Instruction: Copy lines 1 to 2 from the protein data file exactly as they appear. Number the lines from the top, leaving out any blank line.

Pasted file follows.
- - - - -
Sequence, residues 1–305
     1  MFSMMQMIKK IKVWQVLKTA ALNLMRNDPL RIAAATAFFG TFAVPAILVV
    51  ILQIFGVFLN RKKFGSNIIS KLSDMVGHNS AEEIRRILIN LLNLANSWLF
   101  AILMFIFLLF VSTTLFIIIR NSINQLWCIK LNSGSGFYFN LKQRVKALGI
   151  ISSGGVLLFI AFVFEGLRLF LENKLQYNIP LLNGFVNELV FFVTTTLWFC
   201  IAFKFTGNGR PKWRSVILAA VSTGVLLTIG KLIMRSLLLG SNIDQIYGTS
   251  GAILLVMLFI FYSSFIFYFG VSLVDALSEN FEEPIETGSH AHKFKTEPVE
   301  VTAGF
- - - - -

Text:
Sequence, residues 1–305
     1  MFSMMQMIKK IKVWQVLKTA ALNLMRNDPL RIAAATAFFG TFAVPAILVV